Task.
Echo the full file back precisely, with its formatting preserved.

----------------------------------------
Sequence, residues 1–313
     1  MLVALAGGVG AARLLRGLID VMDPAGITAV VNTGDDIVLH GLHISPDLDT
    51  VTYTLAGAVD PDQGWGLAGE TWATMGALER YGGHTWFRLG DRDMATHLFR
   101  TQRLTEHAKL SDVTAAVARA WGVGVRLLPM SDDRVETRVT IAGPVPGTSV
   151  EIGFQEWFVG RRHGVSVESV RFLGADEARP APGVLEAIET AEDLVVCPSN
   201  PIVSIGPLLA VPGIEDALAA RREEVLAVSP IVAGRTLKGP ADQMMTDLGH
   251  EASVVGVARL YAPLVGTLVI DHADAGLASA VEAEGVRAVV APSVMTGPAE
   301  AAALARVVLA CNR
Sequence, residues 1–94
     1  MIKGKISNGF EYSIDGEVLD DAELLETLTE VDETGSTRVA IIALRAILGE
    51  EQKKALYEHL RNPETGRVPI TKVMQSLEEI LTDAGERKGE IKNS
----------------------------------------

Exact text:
Sequence, residues 1–313
     1  MLVALAGGVG AARLLRGLID VMDPAGITAV VNTGDDIVLH GLHISPDLDT
    51  VTYTLAGAVD PDQGWGLAGE TWATMGALER YGGHTWFRLG DRDMATHLFR
   101  TQRLTEHAKL SDVTAAVARA WGVGVRLLPM SDDRVETRVT IAGPVPGTSV
   151  EIGFQEWFVG RRHGVSVESV RFLGADEARP APGVLEAIET AEDLVVCPSN
   201  PIVSIGPLLA VPGIEDALAA RREEVLAVSP IVAGRTLKGP ADQMMTDLGH
   251  EASVVGVARL YAPLVGTLVI DHADAGLASA VEAEGVRAVV APSVMTGPAE
   301  AAALARVVLA CNR
Sequence, residues 1–94
     1  MIKGKISNGF EYSIDGEVLD DAELLETLTE VDETGSTRVA IIALRAILGE
    51  EQKKALYEHL RNPETGRVPI TKVMQSLEEI LTDAGERKGE IKNS